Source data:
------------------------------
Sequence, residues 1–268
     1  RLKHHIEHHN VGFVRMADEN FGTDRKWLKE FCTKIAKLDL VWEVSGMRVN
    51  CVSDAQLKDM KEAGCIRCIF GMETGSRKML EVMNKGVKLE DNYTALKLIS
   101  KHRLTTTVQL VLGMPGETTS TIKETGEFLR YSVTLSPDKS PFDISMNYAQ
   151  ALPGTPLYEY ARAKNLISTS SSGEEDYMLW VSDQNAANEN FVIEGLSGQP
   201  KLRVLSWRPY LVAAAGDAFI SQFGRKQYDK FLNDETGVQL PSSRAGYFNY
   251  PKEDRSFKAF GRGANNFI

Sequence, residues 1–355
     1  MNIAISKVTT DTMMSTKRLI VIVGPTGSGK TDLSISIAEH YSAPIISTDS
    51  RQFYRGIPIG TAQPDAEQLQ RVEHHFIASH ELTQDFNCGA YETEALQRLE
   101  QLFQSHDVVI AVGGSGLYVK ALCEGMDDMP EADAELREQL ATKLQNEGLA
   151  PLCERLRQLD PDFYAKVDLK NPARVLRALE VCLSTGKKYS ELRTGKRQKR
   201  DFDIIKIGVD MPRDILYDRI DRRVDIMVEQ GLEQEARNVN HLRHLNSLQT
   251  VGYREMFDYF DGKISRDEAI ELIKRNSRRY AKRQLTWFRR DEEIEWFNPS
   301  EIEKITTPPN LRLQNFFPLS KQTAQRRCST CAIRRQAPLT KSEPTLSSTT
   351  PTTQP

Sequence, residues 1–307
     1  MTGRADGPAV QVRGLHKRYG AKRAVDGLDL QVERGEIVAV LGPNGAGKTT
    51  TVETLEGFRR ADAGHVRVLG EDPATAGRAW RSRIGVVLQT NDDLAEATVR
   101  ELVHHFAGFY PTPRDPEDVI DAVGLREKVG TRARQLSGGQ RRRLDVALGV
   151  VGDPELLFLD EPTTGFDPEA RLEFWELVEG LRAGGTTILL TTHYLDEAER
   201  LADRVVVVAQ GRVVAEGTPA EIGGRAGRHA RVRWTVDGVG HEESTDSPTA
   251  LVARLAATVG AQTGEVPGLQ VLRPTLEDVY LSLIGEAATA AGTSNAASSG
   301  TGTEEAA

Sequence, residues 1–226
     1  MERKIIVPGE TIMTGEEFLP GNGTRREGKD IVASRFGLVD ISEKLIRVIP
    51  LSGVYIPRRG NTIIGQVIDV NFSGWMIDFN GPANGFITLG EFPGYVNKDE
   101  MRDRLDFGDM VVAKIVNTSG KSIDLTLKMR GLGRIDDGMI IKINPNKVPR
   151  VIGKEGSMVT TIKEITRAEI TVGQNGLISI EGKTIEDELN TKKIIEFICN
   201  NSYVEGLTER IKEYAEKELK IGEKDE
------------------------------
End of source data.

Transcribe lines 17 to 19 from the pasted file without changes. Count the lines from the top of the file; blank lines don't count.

Sequence, residues 1–307
     1  MTGRADGPAV QVRGLHKRYG AKRAVDGLDL QVERGEIVAV LGPNGAGKTT
    51  TVETLEGFRR ADAGHVRVLG EDPATAGRAW RSRIGVVLQT NDDLAEATVR